“Every island in the Bahamas needed to be represented and their independent personalities expressed within the overall message. The graphic design solution of the Bahamas identity was the foundation that brought the Bahamian islands a common message that could be broken into differential parts as needed.”
–Bart Cleveland, Adage.com
In 2008, I had the uncommon experience of seeing and meeting the indubitable Mr. Duffy for the first time as a student at SCAD. I watched his presentation, listened to his thoughtful careful words and viewed his breathtaking work with hungry eyes. This chapter meeting of the AIGA in Jacksonville was what graphic design was supposed to be all about. But what was this word ‘branding’? What did it take to ‘brand’ an island chain as disparate and uncommon as the Bahamas? There were so many of them. They all had their own unique characteristics, culture, music, food. And yet, they were all politically and economically connected. Much like any other place. Is it even possible to ‘brand’ something as ephemeral and meaning-packed as a place?
Duffy and Partners work, in cooperation with Fallon Worldwide, raises many questions about place. How do we define ourselves as part of a nation? Can we describe the process of what it takes to become a Floridian, an Ohioan, a Cincinnatian, a New Yorker, a Madrider, a Havanite? What do these places mean to us? What does it mean to grow up there? To eat there every day? To work there? To sleep there?
Think on all these questions and then attempt to think about how the people in the city 50 miles away might answer them. How are they related? Is there some common or shared experience? Now think if this place, this city were an island separated by many dozens of miles of water. These are not just tangible, physical challenges, but problems of identity and boundary, politic and economy. These are the things that make us similar and at the same time, make us alike as humans. The best solution is part of Duffy’s holistic approach to branding. Go there. Meet the people. Listen to them. Allow them to provide the solutions. Allow the work to flow from what they say, what they do, how they do it, and who they are as people and citizens and brand ‘partners.’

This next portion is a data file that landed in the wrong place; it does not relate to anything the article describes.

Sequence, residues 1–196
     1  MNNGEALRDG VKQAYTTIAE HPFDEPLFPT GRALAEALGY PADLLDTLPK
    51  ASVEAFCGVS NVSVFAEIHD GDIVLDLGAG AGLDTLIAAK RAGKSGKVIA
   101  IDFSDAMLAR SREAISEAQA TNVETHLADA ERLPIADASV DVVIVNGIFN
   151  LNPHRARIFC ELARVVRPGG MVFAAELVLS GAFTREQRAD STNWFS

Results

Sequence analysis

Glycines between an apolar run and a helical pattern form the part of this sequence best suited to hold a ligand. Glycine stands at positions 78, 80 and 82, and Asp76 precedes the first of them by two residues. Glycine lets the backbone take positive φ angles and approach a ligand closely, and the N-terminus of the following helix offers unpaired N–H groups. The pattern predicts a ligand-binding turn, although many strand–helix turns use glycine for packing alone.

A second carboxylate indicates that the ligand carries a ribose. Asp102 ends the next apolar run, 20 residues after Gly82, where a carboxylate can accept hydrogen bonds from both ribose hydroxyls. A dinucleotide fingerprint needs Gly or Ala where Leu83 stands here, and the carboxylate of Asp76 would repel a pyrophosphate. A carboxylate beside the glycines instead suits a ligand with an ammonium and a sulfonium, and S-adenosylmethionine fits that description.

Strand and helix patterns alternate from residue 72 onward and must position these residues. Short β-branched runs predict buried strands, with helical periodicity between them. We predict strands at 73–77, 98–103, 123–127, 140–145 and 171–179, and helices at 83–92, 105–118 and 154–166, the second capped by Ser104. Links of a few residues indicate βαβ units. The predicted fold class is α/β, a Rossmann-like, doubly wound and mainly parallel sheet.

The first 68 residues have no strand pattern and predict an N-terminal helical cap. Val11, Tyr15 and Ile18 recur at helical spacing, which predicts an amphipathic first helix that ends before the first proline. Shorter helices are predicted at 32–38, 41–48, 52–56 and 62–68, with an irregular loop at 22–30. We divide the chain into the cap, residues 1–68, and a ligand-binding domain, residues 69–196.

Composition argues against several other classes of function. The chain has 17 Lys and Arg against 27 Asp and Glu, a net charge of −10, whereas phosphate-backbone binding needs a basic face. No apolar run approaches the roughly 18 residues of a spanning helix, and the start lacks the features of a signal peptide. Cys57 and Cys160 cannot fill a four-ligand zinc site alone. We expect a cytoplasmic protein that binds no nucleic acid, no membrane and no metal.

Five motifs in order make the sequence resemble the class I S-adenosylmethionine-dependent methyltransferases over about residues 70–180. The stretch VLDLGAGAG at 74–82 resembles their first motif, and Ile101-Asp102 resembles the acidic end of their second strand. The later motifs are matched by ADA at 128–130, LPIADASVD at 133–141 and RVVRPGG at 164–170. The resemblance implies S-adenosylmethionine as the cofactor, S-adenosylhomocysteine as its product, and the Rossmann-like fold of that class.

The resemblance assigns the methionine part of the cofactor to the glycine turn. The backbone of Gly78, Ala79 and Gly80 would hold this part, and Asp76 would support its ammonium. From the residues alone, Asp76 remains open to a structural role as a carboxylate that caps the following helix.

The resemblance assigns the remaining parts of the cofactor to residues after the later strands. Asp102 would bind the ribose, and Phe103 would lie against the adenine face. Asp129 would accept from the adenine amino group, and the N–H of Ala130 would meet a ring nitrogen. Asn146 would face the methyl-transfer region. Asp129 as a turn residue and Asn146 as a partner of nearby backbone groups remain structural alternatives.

In commercial art, we are often presented with a client and a communication problem whose undertaking may seem impossible. Bringing together so many islands in the Bahamas might have seemed that way on first glance. Patience and the open minds of thinking designers proved different. Here is some of the evidence. However, I highly recommend Duffy’s Book, A Brand Apart, for a more complete and wholesome elucidation.